Last week I mentioned some Don'ts about how to pitch your novel to an agent (or editor, or Hollywood, or any pro, really), as described in Donald Maass's The Career Novelist. As promised, here are some things that could tip the scales in your favor instead:
Write a letter (or email) -- check the agent's website for preference (key if you want to make a good impression.
"A relaxed but businesslike approach is probably best."
Make it simple and straightforward:
What the writer wants.
What is being offered.
Information helpful in selling the work.
Something (but not much) about the writer.
Make your manuscript sound appealing within a few lines (not paragraphs) --difficult but not impossible. Answer the main questions:
Where is your story set?
Who is your hero(ine)?
What is the main problem he/she must overcome?
Where do you think this novel fits in the marketplace?
Editors appreciate brevity, especially when sifting through hundreds of query letters every week.
Model Query Letter:
Proper letter format shows that the writer is serious and businesslike.
Introductory paragraph makes a connection (even if remote) between agent and writer and states the writer's purpose.
Short summary of the story including 3 key ingredients to the story:
Writer's biography that's relevant to writing career/story. If not writing experience is available (yet), just keep it short and simple.
Closing which offers two options for submission (if writing a letter instead of an email, you may enclose a Self-Addressed Stamped Envelope, or SASE).
There are many sites out there from agents/editors that offer help on how to write awesome queries (or how to avoid writing repelling ones). One I find rather amusing is Query Shark's blog.
Though I have decided to bypass the traditional publishing route (for multiple reasons), I still find the following counsel by Mr. Donald Maass to be quite interested (especially as it can be applied to other areas beyond the literary field). Besides, I find more and more people are asking me questions about publishing, so I figure this might help.
So here's a little bit about how not to pitch from The Career Novelist (interspersed with some personal notes):
"My novel is very timely. You have to move fast!" -- The likelihood of succeeding with a novel are very slim at best (especially when trying to get your book published the traditional way). And "[w]hile it is true that so-called "instant" nonfiction books can be written, produced and shipped in a matter of weeks, this is never done for novels (save for the occasional movie tie-in). From the date of delivery to a publisher, virtually all novels take a year or more to reach the stores."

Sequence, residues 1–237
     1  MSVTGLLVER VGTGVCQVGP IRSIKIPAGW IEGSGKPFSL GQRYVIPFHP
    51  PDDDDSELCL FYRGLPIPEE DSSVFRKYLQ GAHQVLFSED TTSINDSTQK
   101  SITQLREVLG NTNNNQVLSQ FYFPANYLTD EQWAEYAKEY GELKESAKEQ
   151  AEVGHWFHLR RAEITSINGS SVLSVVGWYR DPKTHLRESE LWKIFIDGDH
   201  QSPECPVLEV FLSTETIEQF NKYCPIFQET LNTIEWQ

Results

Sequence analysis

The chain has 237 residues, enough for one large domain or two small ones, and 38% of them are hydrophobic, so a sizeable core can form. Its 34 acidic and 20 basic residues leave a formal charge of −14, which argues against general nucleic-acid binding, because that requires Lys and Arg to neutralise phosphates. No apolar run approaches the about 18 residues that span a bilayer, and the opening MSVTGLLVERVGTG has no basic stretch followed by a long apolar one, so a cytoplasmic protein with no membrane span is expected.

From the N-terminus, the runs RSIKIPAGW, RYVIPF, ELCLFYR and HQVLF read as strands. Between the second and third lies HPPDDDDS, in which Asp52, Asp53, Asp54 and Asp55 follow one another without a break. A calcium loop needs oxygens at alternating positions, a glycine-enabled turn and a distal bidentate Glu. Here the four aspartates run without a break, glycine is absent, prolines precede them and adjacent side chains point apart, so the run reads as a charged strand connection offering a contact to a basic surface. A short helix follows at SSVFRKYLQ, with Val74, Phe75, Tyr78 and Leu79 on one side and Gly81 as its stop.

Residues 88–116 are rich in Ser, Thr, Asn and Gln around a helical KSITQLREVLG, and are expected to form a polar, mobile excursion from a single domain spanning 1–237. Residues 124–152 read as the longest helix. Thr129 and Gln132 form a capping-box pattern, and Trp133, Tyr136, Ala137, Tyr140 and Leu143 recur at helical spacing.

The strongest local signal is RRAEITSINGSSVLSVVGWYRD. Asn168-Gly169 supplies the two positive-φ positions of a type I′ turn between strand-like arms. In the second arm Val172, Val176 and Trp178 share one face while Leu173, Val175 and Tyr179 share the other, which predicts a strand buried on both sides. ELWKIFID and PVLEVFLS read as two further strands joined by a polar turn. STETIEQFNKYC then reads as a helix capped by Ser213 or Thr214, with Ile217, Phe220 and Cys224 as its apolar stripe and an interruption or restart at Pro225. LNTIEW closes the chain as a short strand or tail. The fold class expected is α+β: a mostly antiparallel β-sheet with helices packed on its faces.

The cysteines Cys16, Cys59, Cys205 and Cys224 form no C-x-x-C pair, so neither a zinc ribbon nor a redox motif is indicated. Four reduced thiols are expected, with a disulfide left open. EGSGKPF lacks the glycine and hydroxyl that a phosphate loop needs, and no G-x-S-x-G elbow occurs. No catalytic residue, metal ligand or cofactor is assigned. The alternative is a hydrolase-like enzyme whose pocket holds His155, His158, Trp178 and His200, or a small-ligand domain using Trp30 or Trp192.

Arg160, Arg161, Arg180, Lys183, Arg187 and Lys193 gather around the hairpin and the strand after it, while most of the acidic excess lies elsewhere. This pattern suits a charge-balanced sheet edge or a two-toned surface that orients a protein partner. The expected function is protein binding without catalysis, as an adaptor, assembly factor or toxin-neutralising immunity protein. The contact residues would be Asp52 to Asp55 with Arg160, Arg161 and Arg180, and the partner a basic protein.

"I know my novel is dynamite. Impartial test readers have told me so!" -- In Mr. Maass's experience, "test readers are not reliable forecasters [of sales]" unless these test readers happen to be from authors, editors or agents that he already respects. Possibly because he's noticed a certain trend: people are more easily going to trashed a published book than an unpublished one (I think that would make for some interesting psychological reading, eh?).
"This book is my baby. I want an agent who loves it as much as I do." -- This might presage a writer who might have grown a little bit too emotional about his/her work, to a point that it might have rendered him/her somewhat blind, leading to being over-protectiveness of his/her work and ultimately a problem author.
"Never before has there been a novel like mine. It breaks new ground!" -- "There is little that is harder to sell than books that are ahead of their time," especially in the traditional book publishing world where we see more books published that follow a certain trend (sizzling hot vampire romances anyone?), until someone else has broken the mold (which then creates a whole new entire trend).
"My novel combines the terror of Stephen King, the suspense of Tom Clancy, the glitz of Judith Krantz, and the romance of Danielle Steel! It will dazzle mystery fans and history buffs alike!" -- Error! Error! Overcomparison! Excess of humility detected! Besides, it usually portends the novel to be somewhat of a mess. The writer may compare his/her novel to others like it, but should keep it simple.
"Believe me, I am your dream client! No one will work harder for you than me!" -- "If overeagerness was the only fault here, [Mr. Maass] would overlook it." However, these writers more often than not have a secret drawer stashed with old manuscripts that very likely failed being sold. But these writers cannot hope to get the agent to save these "mediocre projects." Or this pitch may hint at an individual who "lacks self-confidence, perspective," or may even be lazy (my own biggest demon).
"Mr. Maass, this is your lucky day!" -- Oi, don't be pushy, people!